CLARKS SUMMIT — The creation of a new art mural at Dino and Francesco’s Pizza and Pasta House brightened up the outdoor seating area of the restaurant, known as The Piazza, and offered students with intellectual disabilities and autism enrolled in a program at ArtWorks Gallery & Studio an opportunity to hone their skills while building confidence.
The mural, designed by instructors at ArtWorks and painted with assistance of students in the art program at the studio’s Scranton and Tunkhannock locations, depicts Italian scenery while incorporating a local flair by featuring the logos of Abington Heights and Keystone College, among other institutions and businesses.
According to Keystone Community Resources Senior Vocational Coordinator for Supportive Employment Stephanie Chunca, Dino and Francesco’s began its partnership with Keystone about three years ago.
Dino’s owners Michael and Mary Jo Yurkovic support Keystone’s mission by allowing opportunities for individuals with development disabilities to work in vocational programs.
“We reached out to see if we could bring some transition-age students in to do employment transition activities,” Chunca said. “They get real work experience and they get paid for it. They learn what it’s like to do actual work, whether it’s doing work assessments or job tryouts. They get to see what it’s like to work in a kitchen.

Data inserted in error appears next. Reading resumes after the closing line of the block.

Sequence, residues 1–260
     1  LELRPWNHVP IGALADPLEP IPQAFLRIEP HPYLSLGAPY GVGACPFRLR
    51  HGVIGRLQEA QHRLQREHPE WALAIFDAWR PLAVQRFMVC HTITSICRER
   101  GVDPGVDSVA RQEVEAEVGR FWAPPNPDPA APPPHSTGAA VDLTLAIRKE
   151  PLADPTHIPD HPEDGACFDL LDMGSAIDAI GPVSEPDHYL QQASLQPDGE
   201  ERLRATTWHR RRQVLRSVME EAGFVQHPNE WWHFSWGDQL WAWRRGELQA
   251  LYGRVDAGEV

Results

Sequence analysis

“It’s a nice partnership. The kids we’ve had who have done the learning experience have enjoyed it.”
While painting the mural was a big task, Kaitlin Harrison, ArtWorks manager and art instructor, felt it was a great assignment for the students.
“It’s a very large mural and it took a lot of workforce to get it completed,” Harrison said. “It was an opportunity to spread awareness for what we do. Although it was a lot of work, it was definitely a positive.”
Harrison, along with fellow teachers Margie Makowski, Delia O’Malley, Meme Bissland and Jacqueline Shattuck, designed the mural.
She belives students in the classes at ArtWorks have a chance to show off their creativity.
“Everybody has a different avenue that they want to approach in life,” Harrison said. “Keystone offers work assessments to get students into the community and, at ArtWorks, we’re able to help people pursue an art career.”
Ashley Gouldsbury, a manager at Dino’s, feels the work-based programs with Keystone benefit each party equally.
“I think it’s a nice way of giving back to the community as well as finding potential employees,” Gouldsbury said. “Someone who came in for an assessment became a permanent employee.”